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02-10-2010 02:06 AM  8 years agoPost 31
gill4321

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Honaunau, Hawaii - USA

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That is also what I do. I always check in the same place all the time to ensure consistency. So far Its all good. I just need to put my heli back together and keep tuning on.

Gill P

Gill P

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02-10-2010 07:34 AM  8 years agoPost 32
1275mini

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Wirral North West U.K.

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sounds good to me !

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02-18-2010 07:51 PM  8 years agoPost 33
gill4321

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Honaunau, Hawaii - USA

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found that i have a exhaust leak so I ordered a Copper exhaust gasket. I also noticed it ran hotter with the leak so im not flying it till i get it fixed and then its on to the proper tuning.

Gill P

Gill P

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02-18-2010 07:54 PM  8 years agoPost 34
1275mini

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Wirral North West U.K.

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02-18-2010 10:38 PM  8 years agoPost 35
Fixit

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UK

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I’ve tried all the gaskets including copper and found the best way to fit the muffler is to use RTV silicon on the flange, let it skin over first then nip the bolts up, I’ve never had one fall off or leak doing it this way.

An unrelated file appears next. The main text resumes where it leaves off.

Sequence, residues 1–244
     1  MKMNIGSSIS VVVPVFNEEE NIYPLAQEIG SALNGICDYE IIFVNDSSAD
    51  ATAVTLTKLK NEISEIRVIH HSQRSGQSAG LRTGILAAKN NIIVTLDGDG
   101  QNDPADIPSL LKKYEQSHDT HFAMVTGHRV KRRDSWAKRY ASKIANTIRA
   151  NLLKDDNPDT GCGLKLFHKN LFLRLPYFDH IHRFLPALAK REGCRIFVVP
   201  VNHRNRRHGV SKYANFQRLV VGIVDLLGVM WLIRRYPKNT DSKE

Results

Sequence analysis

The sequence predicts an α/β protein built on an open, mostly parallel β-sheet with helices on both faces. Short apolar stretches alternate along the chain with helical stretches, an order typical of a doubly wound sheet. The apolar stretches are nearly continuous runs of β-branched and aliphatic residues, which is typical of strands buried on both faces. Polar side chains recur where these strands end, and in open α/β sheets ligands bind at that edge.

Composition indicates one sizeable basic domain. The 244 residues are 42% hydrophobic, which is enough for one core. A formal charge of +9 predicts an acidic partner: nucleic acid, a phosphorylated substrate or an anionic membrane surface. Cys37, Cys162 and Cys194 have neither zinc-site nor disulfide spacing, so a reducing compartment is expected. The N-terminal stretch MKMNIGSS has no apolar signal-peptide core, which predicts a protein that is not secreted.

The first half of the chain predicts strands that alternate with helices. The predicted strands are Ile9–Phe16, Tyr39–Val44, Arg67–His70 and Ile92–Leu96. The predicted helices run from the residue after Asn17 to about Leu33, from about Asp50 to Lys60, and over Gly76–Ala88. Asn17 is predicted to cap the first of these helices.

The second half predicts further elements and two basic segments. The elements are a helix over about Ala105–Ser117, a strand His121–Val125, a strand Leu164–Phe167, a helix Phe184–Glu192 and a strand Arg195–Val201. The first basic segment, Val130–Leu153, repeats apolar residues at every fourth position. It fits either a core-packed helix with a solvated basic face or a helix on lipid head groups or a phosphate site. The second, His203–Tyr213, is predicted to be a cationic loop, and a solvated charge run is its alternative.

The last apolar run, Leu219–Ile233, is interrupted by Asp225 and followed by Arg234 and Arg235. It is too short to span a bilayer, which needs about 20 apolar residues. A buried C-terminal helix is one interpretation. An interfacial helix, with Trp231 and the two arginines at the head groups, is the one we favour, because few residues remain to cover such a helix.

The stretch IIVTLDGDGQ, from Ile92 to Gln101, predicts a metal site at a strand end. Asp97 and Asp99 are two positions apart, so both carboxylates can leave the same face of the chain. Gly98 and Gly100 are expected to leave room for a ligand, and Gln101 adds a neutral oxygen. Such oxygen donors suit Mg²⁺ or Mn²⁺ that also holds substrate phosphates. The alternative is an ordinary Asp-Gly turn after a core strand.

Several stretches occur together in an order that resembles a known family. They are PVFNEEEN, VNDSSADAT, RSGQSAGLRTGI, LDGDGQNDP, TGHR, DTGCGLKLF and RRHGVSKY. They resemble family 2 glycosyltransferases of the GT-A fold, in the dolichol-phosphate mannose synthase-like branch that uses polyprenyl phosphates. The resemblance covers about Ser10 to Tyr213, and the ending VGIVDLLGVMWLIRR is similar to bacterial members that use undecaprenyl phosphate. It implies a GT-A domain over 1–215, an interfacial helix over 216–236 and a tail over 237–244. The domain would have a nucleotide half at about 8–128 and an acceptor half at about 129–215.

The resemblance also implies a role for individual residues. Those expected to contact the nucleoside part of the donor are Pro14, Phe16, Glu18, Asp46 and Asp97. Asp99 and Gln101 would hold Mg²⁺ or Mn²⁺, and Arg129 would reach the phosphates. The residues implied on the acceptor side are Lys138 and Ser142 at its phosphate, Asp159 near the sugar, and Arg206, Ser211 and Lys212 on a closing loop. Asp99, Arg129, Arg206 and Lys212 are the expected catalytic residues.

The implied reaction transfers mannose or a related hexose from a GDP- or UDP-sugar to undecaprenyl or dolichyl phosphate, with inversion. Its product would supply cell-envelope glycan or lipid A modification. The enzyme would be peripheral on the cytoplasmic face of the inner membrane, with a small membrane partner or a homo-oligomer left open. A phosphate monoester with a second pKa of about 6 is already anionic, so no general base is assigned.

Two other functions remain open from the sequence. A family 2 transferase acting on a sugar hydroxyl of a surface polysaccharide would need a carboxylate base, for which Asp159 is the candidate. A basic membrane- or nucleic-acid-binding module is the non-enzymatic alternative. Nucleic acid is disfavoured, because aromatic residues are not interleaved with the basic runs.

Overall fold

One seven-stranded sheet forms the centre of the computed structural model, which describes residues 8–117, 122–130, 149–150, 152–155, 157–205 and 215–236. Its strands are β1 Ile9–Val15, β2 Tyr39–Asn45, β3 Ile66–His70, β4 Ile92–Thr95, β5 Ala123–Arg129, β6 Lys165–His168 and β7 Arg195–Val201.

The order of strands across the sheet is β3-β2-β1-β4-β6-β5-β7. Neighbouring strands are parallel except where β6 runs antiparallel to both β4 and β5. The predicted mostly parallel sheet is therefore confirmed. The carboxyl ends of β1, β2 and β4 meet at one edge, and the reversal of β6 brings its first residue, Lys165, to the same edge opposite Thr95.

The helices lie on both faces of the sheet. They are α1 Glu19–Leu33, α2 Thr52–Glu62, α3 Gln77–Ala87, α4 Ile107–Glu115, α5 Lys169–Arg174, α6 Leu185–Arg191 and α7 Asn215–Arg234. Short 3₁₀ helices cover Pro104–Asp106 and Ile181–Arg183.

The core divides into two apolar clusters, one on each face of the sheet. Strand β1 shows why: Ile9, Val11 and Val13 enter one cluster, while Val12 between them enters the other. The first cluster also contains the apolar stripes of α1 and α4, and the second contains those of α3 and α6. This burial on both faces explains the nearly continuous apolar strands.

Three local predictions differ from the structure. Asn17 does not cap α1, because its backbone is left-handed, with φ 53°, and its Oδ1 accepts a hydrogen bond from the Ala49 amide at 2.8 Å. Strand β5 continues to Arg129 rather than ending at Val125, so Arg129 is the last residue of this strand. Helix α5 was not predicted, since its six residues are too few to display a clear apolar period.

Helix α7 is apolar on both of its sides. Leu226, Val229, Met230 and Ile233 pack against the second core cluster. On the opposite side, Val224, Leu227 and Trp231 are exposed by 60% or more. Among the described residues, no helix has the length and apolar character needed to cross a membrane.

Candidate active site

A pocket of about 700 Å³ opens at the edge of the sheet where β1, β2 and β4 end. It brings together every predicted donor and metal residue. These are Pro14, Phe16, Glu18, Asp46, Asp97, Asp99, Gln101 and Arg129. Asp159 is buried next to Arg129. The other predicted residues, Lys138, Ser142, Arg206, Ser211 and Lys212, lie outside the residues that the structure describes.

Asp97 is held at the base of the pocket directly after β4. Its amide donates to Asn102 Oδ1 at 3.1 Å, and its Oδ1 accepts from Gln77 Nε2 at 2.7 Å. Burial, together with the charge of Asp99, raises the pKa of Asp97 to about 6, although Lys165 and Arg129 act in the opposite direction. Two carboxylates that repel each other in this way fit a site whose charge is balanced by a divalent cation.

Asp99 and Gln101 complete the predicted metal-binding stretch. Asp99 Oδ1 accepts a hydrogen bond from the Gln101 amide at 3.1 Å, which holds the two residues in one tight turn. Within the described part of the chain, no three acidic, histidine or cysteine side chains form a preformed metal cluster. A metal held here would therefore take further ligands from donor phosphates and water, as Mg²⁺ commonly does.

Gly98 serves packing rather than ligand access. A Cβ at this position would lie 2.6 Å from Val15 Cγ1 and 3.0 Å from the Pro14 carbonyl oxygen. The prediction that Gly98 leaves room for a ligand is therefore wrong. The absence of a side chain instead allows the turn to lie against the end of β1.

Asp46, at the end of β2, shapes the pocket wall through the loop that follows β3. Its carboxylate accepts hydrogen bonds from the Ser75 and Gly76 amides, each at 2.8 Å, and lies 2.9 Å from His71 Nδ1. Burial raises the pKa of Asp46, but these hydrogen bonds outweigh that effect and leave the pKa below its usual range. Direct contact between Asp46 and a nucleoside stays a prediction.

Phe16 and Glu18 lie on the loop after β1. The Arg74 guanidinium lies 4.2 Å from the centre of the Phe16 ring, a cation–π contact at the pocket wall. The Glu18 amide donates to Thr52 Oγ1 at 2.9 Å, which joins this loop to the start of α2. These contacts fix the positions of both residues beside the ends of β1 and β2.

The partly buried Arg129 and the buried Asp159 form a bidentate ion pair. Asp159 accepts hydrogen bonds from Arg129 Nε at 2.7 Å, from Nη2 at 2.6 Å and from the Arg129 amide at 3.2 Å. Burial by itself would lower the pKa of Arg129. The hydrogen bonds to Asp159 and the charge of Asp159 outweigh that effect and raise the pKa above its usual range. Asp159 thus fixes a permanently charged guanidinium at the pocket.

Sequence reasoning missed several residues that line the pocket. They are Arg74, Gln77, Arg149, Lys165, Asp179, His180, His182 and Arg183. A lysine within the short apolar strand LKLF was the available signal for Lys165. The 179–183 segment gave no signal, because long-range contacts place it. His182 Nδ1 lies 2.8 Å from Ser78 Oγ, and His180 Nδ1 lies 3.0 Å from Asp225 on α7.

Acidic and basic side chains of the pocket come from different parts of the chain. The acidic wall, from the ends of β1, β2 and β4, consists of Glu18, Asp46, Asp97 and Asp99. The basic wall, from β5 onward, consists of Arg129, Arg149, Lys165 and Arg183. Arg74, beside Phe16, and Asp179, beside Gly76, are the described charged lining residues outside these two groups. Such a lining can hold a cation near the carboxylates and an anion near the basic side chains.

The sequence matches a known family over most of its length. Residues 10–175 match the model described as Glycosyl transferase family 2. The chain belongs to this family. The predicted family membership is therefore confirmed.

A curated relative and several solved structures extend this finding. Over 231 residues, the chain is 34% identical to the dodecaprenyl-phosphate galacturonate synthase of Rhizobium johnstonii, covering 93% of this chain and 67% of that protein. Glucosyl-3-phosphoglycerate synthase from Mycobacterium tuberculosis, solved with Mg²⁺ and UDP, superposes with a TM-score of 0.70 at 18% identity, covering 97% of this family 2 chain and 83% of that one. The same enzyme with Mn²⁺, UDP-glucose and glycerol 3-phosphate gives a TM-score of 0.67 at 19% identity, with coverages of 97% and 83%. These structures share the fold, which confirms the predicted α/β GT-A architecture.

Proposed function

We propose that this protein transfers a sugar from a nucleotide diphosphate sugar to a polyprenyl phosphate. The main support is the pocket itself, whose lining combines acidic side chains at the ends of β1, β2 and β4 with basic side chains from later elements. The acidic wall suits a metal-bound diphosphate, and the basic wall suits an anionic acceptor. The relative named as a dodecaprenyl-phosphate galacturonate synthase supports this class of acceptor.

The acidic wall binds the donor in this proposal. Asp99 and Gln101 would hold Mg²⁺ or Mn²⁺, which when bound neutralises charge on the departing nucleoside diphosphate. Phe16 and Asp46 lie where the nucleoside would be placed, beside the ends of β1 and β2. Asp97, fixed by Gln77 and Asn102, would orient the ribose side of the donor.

Edit
You can also use some RTV on the threads to stop them vibrating loose

Good Luck

I only like to fly gassed up

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02-18-2010 10:55 PM  8 years agoPost 36
zorba

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Montreal, Quebec, Canada

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What motor are you running Gill?
You have to reduce the vibrations and you don't need any gaskets.
I took emery cloth doubled it up and matched sanded the muffler to the exaust port. Of course you have to dismantel the engine first and then wash it real good. The other thing you can use is laping compound, we used that to lap valves is has some kind of fine sand in it and by rubbing the two surfaces together they will match.The other downside is that you have to use that muffler with that engine only.